Read more here

Thursday, January 1, 2015

Interview with Ann Cluver Weinberg, author of The Danny Diaries

Ann Cluver Weinberg is a South African writer. In this 2013 interview she discusses how the diagnosis and the gloomy attitude of the doctors was an impediment to helping her help her son. I so identify with what she went through:

"I was frighted and I was frightened by the doctors being so frightened themselves. I thought doctors and psychologists ought to calm you down but these ones were saying "do you know, Mrs.Weinberg, you have got here a very disturbed boy!"

Read my review of The Danny Diaries here. There are two parent memoirs about schizophrenia that capture my own understanding of how to help someone transition through psychosis to recovery. The Danny Diaries is one.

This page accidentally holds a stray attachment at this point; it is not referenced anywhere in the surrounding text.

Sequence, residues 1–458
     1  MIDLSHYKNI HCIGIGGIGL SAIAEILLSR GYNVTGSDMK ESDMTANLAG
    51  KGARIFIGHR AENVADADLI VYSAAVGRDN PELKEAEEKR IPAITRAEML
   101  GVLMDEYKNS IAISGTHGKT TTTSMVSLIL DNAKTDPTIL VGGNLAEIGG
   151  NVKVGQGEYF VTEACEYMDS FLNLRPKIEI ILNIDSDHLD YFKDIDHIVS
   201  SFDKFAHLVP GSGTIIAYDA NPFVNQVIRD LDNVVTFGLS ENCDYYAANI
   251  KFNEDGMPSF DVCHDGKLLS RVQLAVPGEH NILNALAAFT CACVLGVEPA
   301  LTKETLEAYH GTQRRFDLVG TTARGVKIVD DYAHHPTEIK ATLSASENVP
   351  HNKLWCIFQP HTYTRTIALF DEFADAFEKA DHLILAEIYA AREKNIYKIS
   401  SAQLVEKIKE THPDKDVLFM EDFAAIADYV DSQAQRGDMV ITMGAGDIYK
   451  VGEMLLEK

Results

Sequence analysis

Monday, December 29, 2014

Person of the Year - Corinna West

"If you want to know how young black people overcome adversity, we’ve got over 400 videos up on the Poetry for Personal Power You Tube channel." (Corinna West)

Corinna West is the one woman dynamo behind Poetry for Personal Power, a mental health social inclusion campaign that encourages young people struggling with mental health issues to get up on stage and communicate. She founded Wellness Wordworks in 2008 to show how the recovery community can provide internet skills and business opportunities to their peers. I've always been impressed with Corinna's entrepreneurial and community leadership skills. She seems to have zillions of "I can do" ideas in her head. Corinna's enthusiasm for social change is infectious, not to mention she's got a master's degree in pharmaceutical chemistry with lived experience, having survived homelessness and 12 psychiatric diagnoses.